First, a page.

One of the mysteries of the English language finally explained.
Cords or ropes, especially in a ship's rigging.
- ‘They cultivated cotton and wound it for cordage and twisted it into yarn for making garments.’
- ‘Footropes still to be added to the foremast topsail, and some cordage here and there to be sorted out.’
- ‘Such knowledge goes far beyond foodstuffs to include plants and plant-parts useful for dyes and for cordage and textile manufacture, as well as a vast array of medicinal leaves, bark, roots, stems, and berries.’
- ‘The main mast top mast was bent to the deck with cordage and sail draping across to starboard.’
- ‘He picked out some seeds and cordage, rope made by twisting plant fibers together.’
- ‘The trade went in both directions: there was already a surplus of cordage and sailcloth that was traded on to Constantinople while there was a booming import-export business to Riga.’
- ‘She knew every plank by name and number, the land from where it had come, which piece fitted where, how much sisal cordage had been braided and the grasslands where it was grown.’
- ‘This facility was a major producer of rope and cordage for the whole of the Royal Navy until March 1991, when all production ceased because of bomb damage.’
- ‘These reeds are then attached to each other by using strings of coarse cordage obtained from the makalani palm leaf fiber, tree bark or swamp grass which are individually knotted to the reeds.’
- ‘Jake, knowing me more than anyone, knew this, and had make a two-person swing out of wood and cordage.’
- ‘Hanks of sisal fiber purchased in Elmina market, usually used for making ropes and cordage for ocean-going fishing canoes, were dyed and dried in Hippies' upstairs studios.’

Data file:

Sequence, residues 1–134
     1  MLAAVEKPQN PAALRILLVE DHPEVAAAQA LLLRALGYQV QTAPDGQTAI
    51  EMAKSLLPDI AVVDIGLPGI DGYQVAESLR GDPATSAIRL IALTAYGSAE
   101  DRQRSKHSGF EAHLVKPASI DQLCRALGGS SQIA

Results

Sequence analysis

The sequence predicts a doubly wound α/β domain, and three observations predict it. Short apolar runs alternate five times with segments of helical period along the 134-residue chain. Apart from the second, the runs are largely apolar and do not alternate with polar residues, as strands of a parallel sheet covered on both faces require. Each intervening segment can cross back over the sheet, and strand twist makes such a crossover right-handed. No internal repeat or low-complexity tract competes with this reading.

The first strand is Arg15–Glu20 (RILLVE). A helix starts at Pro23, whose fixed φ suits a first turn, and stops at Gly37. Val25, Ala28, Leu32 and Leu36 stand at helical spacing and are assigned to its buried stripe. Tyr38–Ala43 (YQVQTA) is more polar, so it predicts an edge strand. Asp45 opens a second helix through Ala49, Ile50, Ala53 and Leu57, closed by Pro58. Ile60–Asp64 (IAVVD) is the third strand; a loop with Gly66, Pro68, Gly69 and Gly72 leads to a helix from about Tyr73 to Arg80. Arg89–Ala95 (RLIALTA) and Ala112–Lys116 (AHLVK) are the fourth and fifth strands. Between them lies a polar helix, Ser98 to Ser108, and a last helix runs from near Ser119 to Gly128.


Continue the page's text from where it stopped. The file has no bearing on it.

- ‘At the time, there was great demand in Europe for good processed flax to make naval rope, cordage and sails.’
- ‘From impressions of fiber cordage on fired clay, archaeologists have discovered evidence of string and of rope-making technology in Europe that dates back 28,000 years.’
- ‘It's nice to have a few yards of paracord in your pocket, but all kinds of vegetation can be pressed into service to make ropes and cordage.’
- ‘Her innovative use of gut (intestinal skin) - now a signature material in her work - was inspired in part by Native American artifacts, from canoes to clothing and cordage.’
- ‘Before the comparatively recent introduction of synthetic fibres, we relied on natural vegetable and animal products to make our clothes, cloths, carpets, and cordage.’
- ‘It can be spun into a filament that is useful for making rope, webbing and cordage.’
- ‘Stone tools are virtually indestructible, whereas organic materials - bone, antler, wood, leather, sinews, cordage, basketry, featherwork, etc. - decay under most normal conditions.’
- ‘Hemp for cordage and sails was an early crop in the colonies, and one useful for more than warship construction.’
- ‘One was the use of stinging nettle fibres for cordage.’
Late 15th century: from Old French, from corde ‘rope’ (see cord).
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